There’s a passage in Amos 9 that paints a vision of the Kingdom: “Behold the days are coming, declares the Lord, when the plowman will overtake the reaper and the treader of grapes him who sows seed; when the mountains will drip sweet wine and all the hills will be dissolved.” Amos paints a picture of abundant fertility– of land so lush and fertile that crops spring up as soon as they are planted.
That’s how Mariannhill feels, some days.
Mariannhill is aptly named– a township nestled on the rolling green peaks and valleys of Kwa-zulu Natal, small houses and huts perched on ledges carved from the hillside. There is a Good News Center in the township that acts as a community center, creche (pre-school), and ecclesial hall.
The Mariannhill ecclesia is culturally Zulu, which means the hymns are punctuated by a lot of clapping, stamping, and thumping. It’s such beautiful worship, and the music spills out of the building into the community. However, the ecclesia has seen diminishing Sunday school attendance in recent months, and we wanted to help turn that around.
How do you get kids in South Africa to come investigate the strange umlungus (white people) roaming through their township?
Bring a soccer ball.
And within about 90 minutes, this was our group. The soccer pitch is at the bottom of a big valley, which means that everyone on the surrounding hillsides can see it. And when they see it, they come running.
Sam and Matt used some soccer basics to teach some Biblical principles (you have to keep your eye on the goal when you’re shooting, just like you need to focus on the Kingdom to get there; you have to pass and work as a team, just like you need to support your friends in their walk), and I held down the position of “baby management.” (Most of the kids are in charge of watching their younger siblings, and one by one they all deposited them near me on the side of the field).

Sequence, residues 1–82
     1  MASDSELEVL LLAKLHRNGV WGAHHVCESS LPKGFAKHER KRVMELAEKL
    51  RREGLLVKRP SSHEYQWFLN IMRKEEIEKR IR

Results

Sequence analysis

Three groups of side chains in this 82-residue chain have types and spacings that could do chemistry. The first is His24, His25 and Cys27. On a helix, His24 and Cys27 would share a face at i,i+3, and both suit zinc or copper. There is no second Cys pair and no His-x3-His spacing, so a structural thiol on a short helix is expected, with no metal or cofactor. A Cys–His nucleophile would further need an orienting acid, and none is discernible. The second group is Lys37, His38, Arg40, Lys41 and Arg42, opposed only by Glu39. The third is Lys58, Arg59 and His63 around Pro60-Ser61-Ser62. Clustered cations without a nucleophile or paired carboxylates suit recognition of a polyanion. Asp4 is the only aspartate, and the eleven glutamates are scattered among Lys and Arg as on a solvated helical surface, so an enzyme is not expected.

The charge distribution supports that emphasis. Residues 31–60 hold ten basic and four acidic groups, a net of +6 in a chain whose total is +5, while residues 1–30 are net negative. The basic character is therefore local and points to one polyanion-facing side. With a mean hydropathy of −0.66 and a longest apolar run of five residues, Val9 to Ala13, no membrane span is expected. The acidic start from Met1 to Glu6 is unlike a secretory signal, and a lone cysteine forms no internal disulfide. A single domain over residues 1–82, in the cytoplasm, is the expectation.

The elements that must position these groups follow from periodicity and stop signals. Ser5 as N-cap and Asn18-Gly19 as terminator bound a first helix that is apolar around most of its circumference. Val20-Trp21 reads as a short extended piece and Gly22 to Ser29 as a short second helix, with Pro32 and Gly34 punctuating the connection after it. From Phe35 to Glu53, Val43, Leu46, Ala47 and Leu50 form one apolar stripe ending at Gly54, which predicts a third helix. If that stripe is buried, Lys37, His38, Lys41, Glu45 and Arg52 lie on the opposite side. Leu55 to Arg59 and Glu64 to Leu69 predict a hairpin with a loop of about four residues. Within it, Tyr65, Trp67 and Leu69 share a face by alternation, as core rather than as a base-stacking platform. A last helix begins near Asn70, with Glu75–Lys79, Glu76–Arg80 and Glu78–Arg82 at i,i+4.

The girls also tried to teach me some Zulu dance moves:
At the end of the soccer event, we pointed to our t-shirts, and got one of the older kids to translate our invitation to Sunday school. When we intoned “Zombuso Kankulunkulu” (“kingdom of God” in Zulu– it’s the branding on all our tshirts as well as our cars and the Good News centers), the kids started jumping up and down and chanting “Kingdom! Kingdom! Kingdom!”
We ran a similar program on Saturday afternoon, and when we showed up on Sunday morning, the Sunday school was more than double its usual size! The kids even sat through the memorial service, filling the hall to capacity.
There are so many children here, and they are all so eager for any sort of engagement and adult attention. Having the community centers already established in the community is such an asset.
It’s so encouraging when such a small effort can yield such immediate and visible results. We are watering the planting of others, but God continues to grant the increase.